Isaiah 53:11 Out of the anguish of his soul he shall see and be satisfied; by his knowledge shall the righteous one, my servant, make many to be accounted righteous, and he shall bear their iniquities.
Jesus is the promised messianic servant who accomplished God’s saving purposes for Israel and the nations by fulfilling the pattern of suffering and death set out in Isaiah’s prophecy. But, how can Peter’s audience know that this is true? It because the lame man’s perfect health (v. 16) was not the result of their piety BUT their faith in the name of the rejected and glorified Jesus, the very Author of Life. And this very affirmation compels Peter to transition to the astonishing implication that flow from this truth.
The Astonishing Implication (Acts 3:17–25)
God has Provided a Path to Forgiveness in Jesus Christ (3:17–21)
The first thing that Peter wants his audience to know is that they have not lost their only chance to experience God’s blessing in their promised Messiah. Yes, they rejected their promised Messiah. Yes, their rejection was a manifestation of their ignorance. But in some mysterious way, their rejection woven into God’s plan before the foundation of the world (In fact, that is the message of Isaiah 53).
The second thing that he wants them to know, is that their only path forward is to repentant of their sin and embrace Jesus as their long-promised Messiah (Jesus is the long-awaited Christ) so they could be forgiven and enjoy the promised restoration of all things when he returns in glory.
So, what does Peter mean by repentance? Well, as we saw in Peter’s sermon at Pentecost; repentance would have required a complete change in their view of Jesus. On the one hand, it would have required that they reject their former rejection of Jesus. And on the other hand, it required that they fully embrace Jesus as their Messiah and God, they put their hope and trust in Jesus as their only hope of forgiveness, a right relationship with God, and the ability to experience God’s promises.
And what are these promises? It is not merely forgiveness (as important and necessary as forgiveness is). It’s a promise of two glorious things: present refreshing and future restoration in the new creation. Let me quickly touch on these two promises.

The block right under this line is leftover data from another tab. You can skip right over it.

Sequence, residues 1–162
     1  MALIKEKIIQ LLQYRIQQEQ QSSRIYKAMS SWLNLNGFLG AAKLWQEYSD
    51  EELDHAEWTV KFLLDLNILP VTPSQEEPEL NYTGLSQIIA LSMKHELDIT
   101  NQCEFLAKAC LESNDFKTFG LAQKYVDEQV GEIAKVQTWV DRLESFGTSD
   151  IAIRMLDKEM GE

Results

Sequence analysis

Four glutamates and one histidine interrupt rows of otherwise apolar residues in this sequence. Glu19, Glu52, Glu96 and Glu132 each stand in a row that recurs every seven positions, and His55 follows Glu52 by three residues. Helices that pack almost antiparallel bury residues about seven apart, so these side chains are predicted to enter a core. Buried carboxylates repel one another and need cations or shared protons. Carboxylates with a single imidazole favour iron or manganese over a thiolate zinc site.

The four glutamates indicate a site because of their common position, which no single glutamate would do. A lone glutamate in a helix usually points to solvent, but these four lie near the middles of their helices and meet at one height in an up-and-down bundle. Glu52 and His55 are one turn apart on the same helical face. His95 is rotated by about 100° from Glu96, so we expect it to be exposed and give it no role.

One, the “times of refreshing” in verse 20 seems to be a reference to the active work of the Holy Spirit in the Christian’s life. The Holy Spirit assures us that we are God’s children (Rom 8:14–16), he empowers us for obedience, he enables us to experience small tastes of God’s new creation blessings, and he guarantees our full participation in the new creation (Eph 1:14). In light of this, we might even say that this refreshing is the settled assurance that we are in a right relationship with God.
The second promise is the guarantee that this repentance secures our experience of the restoration of all things at Christ’s return in the future. Don’t miss this, eternal life in Christ is an expressly physical existence on a physical planet in a physical universe. BUT even better is the promise that it we will experience life in the way that God intended it to be (i.e, restored). Sin, Satan, and death will be forever destroyed. The curse will be forever removed. We will be given new, glorified bodies fit for eternity. And when that happens, God will forever eradicate cancer, dementia, cerebral palsy, MS, and every other disability or disease known to mankind. The blind will finally see, the lame will finally walk, the deaf, will finally hear, the broken will be fully restored, the wounded will be fully healed.
Isaiah 65:17 For behold, I create new heavens and a new earth, and the former things shall not be remembered or come into mind.
Revelation 21:1–4 Then I saw a new heaven and a new earth, for the first heaven and the first earth had passed away, and the sea was no more. 2 And I saw the holy city, new Jerusalem, coming down out of heaven from God, prepared as a bride adorned for her husband. 3 And I heard a loud voice from the throne saying, “Behold, the dwelling place of God is with man. He will dwell with them, and they will be his people, and God himself will be with them as their God. 4 He will wipe away every tear from their eyes, and death shall be no more, neither shall there be mourning, nor crying, nor pain anymore, for the former things have passed away.”
Just think about it, the entire planet restored to its original state, every disability and disease known to man forever destroyed by God himself. No more senseless massacres. No more injustice whether that be on the street, in the halls of government, or in the ruthless invasion of peaceful countries. Because there is coming a day when Jesus will return, restore all things, and physically reign in glory! But this very promise drives Peter to reinforce the truth that it can only be experienced by those who have come to Christ in repentance and faith.
Jesus is the One We Have Always Been Waiting For (3:22–26)
Now to be honest, we could spend an entire morning in these five-verses. So let me hit the high points so that we can still have time to apply this passage.